Gordon Campbell | Parliament TV | Parliament Today | News Video | Crime | Employers | Housing | Immigration | Legal | Local Govt. | Maori | Welfare | Unions | Youth | Search

 


Napier City Council Opposes Amalgamation Proposal

March 5, 2014

Napier City Council Opposes Amalgamation Proposal

Napier City Council is against the current amalgamation proposal for Hawke’s Bay.

The Council voted not to support the Local Government Commission’s proposal saying it put forward “idealist views but with insufficient substantive data or objective analysis”.

Napier Mayor Bill Dalton, who campaigned strongly against amalgamation during last year’s elections, said the proposal would have a damaging effect across the region if it came to fruition.

“Each community of interest will lose the ability to control and manage what is important, and what is best, for its residents,” Mayor Dalton said.

“I continue to question how a small minority group feels they have the mandate to gamble with our lives and our livelihoods. There is no sense in this proposal and I’m pleased my council agrees.”

Napier City Council CEO Wayne Jack said he supported his Council’s decision.

“Under the proposal the number of councilors per head of population in Napier with increase from 4,770 to 19,080 – that’s a pretty significant loss of interface with your elected representatives.”

Mr Jack said Council’s key concerns were:
• Purported rates savings would not eventuate. Rates would in fact increase due to a need to cover the cost of amalgamation.
• Amalgamation would see either Hastings or Napier decimated through loss of jobs and industry focus.
• Communities of interest would lose focus
• Proposed Community boards would have no ability to set rates or fees
• Meaningful representation would diminish and residents would face a lack of accessibility to councilors due to their expanded coverage areas.
• The loss of an independent regulatory board (HBRC) would mean environmental risk is increased.

ENDS

© Scoop Media

 
 
 
 
 
Parliament Headlines | Politics Headlines | Regional Headlines

Bullish On China Shopping: Trade Minister On Premier's Visit

Q+A: Trade Minister Todd McClay – not ruling out a conversation around Chinese workers coming to New Zealand to work on infrastructure projects as part of trade talks:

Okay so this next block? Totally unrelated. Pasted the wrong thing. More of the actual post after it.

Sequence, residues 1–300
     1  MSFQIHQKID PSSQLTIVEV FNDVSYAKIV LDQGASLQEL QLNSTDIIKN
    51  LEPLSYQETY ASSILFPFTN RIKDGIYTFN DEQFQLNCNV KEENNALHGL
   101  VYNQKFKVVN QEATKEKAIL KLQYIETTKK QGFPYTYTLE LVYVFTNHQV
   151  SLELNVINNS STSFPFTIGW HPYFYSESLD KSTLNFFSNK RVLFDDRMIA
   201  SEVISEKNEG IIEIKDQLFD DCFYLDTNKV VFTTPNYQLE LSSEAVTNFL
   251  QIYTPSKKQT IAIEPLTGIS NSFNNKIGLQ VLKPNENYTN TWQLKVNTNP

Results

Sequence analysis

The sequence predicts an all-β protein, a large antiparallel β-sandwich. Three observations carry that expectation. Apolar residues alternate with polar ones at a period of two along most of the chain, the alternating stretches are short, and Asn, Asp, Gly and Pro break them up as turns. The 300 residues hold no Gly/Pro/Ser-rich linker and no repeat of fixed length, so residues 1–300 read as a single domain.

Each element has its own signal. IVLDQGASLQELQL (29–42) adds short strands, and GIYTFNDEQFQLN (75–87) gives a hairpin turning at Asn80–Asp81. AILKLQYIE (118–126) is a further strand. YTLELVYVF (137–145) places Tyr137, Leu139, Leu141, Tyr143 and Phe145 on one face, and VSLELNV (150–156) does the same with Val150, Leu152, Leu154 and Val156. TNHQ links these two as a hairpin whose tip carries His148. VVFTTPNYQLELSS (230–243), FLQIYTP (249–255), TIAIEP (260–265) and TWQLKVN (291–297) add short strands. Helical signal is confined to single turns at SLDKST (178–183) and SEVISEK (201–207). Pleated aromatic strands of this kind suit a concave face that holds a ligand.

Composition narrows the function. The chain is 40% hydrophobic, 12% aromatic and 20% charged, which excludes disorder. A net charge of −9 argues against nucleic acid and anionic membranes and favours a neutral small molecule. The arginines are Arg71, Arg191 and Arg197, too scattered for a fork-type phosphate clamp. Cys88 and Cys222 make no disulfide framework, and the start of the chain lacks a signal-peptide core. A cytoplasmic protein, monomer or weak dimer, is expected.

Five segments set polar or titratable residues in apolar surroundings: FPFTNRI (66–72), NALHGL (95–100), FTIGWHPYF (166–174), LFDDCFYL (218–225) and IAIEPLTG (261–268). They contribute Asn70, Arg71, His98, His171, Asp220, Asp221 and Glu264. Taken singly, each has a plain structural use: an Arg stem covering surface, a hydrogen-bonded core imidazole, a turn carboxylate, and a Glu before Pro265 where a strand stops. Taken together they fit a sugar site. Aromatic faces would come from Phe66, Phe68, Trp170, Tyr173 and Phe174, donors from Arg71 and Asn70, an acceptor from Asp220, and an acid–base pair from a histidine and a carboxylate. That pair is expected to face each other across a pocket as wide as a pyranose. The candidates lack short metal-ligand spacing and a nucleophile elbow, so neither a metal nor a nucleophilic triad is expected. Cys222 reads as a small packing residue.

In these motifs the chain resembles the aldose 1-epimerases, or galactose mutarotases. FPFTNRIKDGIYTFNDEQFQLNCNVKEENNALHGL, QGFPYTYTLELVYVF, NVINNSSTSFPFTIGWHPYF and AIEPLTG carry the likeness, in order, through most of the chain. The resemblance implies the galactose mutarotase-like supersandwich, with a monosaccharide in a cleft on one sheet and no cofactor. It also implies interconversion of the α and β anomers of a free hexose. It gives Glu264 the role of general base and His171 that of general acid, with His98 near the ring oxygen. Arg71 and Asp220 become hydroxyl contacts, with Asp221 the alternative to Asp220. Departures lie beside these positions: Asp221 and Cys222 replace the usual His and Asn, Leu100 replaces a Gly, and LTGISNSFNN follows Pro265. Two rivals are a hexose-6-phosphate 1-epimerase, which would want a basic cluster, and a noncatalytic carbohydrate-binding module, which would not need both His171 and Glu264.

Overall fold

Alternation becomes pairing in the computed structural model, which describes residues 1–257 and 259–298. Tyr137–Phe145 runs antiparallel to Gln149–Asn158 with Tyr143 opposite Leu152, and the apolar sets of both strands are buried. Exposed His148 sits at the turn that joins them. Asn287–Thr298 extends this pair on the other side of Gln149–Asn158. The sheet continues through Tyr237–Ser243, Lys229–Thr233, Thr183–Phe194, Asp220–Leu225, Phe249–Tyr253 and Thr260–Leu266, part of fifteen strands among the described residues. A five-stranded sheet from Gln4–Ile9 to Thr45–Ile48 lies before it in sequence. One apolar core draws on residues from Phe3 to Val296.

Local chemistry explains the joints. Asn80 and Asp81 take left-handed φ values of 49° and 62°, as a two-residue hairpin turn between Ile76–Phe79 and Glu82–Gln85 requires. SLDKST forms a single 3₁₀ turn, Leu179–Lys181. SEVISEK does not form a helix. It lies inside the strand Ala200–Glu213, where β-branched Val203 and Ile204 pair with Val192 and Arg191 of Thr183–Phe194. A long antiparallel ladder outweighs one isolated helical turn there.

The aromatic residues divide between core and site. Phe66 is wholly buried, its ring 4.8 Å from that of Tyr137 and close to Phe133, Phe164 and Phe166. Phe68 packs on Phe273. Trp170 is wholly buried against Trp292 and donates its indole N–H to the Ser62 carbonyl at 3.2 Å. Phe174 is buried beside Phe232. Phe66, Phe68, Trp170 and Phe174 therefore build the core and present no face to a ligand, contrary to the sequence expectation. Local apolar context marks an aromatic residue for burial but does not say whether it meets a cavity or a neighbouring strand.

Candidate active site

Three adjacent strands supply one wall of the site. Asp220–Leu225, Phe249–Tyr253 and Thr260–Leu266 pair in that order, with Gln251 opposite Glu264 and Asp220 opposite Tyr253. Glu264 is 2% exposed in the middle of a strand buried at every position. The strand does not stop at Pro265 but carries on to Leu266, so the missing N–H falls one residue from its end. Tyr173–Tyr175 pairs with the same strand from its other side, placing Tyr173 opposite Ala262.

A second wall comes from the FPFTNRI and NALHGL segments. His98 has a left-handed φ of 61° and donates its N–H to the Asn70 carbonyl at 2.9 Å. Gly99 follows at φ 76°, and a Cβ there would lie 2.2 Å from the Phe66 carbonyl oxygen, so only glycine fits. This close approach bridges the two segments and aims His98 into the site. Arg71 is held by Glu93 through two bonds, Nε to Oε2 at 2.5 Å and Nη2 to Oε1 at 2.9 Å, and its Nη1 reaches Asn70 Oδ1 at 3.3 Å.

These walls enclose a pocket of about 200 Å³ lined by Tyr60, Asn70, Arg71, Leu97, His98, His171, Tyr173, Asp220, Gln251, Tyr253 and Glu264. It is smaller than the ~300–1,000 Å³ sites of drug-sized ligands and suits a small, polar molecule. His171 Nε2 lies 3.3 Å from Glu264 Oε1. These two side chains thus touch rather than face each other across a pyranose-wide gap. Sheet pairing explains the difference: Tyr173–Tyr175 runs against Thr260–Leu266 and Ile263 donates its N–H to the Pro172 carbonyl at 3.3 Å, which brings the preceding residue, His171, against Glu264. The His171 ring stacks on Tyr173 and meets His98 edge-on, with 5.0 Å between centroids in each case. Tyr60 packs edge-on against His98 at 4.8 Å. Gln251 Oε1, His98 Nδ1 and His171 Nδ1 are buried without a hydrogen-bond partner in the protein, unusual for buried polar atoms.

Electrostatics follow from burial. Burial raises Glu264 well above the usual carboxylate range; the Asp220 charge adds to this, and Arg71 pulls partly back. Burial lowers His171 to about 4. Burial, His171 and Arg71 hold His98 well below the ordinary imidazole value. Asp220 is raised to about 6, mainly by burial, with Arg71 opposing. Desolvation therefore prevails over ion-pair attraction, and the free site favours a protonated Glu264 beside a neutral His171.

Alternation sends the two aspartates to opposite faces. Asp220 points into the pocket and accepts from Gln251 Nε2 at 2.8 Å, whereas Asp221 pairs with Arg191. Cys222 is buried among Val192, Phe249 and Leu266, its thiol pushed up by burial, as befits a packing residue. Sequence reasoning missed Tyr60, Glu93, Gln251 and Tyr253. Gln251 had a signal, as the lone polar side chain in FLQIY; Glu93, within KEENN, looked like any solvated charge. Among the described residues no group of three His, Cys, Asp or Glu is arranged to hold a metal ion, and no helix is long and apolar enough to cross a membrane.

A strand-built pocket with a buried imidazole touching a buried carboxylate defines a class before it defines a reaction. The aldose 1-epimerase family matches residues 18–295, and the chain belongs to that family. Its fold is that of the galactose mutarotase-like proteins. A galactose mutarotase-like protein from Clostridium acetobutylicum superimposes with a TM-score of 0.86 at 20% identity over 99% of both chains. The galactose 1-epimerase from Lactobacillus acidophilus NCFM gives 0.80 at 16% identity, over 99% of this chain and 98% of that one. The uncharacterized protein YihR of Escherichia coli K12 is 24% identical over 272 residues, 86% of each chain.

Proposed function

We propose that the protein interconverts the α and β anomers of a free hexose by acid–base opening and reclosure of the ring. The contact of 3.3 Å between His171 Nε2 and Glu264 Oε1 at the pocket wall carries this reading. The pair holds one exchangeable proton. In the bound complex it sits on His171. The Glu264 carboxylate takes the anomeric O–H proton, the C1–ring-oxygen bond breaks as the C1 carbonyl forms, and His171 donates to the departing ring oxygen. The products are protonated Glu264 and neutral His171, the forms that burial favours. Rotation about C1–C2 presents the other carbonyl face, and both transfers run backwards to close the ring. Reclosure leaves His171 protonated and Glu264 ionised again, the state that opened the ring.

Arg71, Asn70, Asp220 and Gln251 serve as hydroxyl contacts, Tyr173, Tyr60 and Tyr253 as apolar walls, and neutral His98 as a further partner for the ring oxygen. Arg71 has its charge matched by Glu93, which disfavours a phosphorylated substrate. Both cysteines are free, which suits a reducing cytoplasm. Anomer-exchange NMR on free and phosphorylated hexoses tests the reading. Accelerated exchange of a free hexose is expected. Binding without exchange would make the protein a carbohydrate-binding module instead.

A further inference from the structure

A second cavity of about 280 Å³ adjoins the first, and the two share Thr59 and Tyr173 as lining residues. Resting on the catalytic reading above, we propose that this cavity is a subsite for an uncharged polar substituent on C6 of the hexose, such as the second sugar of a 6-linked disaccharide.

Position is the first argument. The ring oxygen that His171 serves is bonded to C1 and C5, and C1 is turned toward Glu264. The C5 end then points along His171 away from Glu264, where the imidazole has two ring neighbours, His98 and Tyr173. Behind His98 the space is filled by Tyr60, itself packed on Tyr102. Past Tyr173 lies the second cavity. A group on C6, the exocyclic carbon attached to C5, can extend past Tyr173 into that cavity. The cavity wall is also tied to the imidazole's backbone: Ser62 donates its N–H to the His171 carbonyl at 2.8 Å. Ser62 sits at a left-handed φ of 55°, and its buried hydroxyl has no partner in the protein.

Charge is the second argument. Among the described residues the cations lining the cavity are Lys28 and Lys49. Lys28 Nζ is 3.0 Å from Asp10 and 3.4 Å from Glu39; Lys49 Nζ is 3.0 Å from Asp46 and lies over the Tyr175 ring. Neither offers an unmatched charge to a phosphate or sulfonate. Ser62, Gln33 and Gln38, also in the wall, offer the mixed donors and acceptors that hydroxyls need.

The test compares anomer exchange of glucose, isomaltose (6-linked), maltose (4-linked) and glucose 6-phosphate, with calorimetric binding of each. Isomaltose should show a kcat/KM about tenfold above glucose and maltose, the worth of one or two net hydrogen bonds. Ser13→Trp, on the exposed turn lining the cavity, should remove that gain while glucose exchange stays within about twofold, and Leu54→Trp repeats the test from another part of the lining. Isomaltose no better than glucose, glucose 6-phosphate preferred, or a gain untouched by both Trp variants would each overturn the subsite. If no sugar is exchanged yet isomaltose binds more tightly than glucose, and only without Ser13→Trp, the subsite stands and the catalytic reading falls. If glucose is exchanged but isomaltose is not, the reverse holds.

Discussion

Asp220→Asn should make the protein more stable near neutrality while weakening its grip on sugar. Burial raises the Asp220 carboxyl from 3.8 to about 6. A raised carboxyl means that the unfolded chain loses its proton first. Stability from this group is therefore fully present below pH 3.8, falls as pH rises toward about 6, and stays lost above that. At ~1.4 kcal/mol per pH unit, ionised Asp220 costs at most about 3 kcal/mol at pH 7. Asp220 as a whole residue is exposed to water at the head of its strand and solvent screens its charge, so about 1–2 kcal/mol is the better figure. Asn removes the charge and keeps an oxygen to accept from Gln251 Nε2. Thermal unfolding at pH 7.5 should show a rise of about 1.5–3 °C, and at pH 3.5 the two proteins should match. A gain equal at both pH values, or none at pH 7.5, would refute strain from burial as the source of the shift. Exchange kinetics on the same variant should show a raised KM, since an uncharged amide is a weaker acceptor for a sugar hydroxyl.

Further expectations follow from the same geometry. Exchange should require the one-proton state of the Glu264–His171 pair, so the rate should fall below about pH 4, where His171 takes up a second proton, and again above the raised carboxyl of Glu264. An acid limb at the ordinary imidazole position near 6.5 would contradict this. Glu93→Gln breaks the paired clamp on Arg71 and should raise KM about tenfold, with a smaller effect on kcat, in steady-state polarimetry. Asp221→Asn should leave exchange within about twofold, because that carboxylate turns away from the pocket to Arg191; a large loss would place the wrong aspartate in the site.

‘Yeah, well, that’s not something that’s on the table at the moment, but, look, what we’ve agreed as part of the, you know, when we start the upgrade negotiation, both sides can raise issues that are of importance to them. We’ve got a list of things we want to talk about. China may well have.’ More>>

 

Little Heading For Court: Apology Over Donation/Hotel Contract Claims Not Accepted

Today I want to publicly apologise unreservedly to Mr Hagaman for any hurt, embarrassment or adverse reflection on his reputation which may have resulted from my various media statements. I have offered that apology to the Hagamans. More>>

ALSO:

Biscuit Tin Of Democracy: World Heritage Site Protection, Ombudsman and Equal Pay Bills Drawn

On Thursday, 23 March 2017 three places are available on the Order Paper for the first reading of a Member’s bill. The ballot was held, and resulted in the following bills being drawn... More>>

ALSO:

Emissions Plan: NZ Needs More Science, More Trees, Fewer Beasts

A combination of technology breakthroughs, much more plantation forestry, and a big switch away from pastoral, particularly dairy farming, are identified as the key elements of any approach New Zealand takes to reducing its carbon emissions to a net zero level, according to a new report sponsored by the New Zealand chapter of GLOBE, a multi-party, global parliamentary grouping. More>>

ALSO:

"Backed To Win Seats": Labour Māori Seat MPs Won't Stand On List

The Labour Party is backing a request from its Māori seat MPs to stand as electorate MPs only, says Labour Leader Andrew Little. More>>

OutsKey: John Key's Valedictory Speech

I rise to address this House for the very last time. It has been a huge privilege to have served the people of Helensville as their member of Parliament, and, of course, the people of New Zealand as their Prime Minister. More>>

ALSO:

Productivity Commission: New Models Of Tertiary Education Are Coming

The report is a broad-ranging inquiry into how well New Zealand’s tertiary education system is set up to respond to emerging trends in technology and the internationalisation of education, and changes in the structure of the population, and the skills needed in the economy and society... More>>

ALSO:

PM's Press Conference: Water Everywhere

Monday's Post-Cabinet press conference focused on water, with the Prime Minister fielding questions about the possibility pricing water taken for export. Mr English said the government was directing their water allocation technical advisory group to include export water in considerations. More>>

ALSO:

Get More From Scoop

 

LATEST HEADLINES

 
 
 
 
 
 
 
 
Politics
Search Scoop  
 
 
Powered by Vodafone
NZ independent news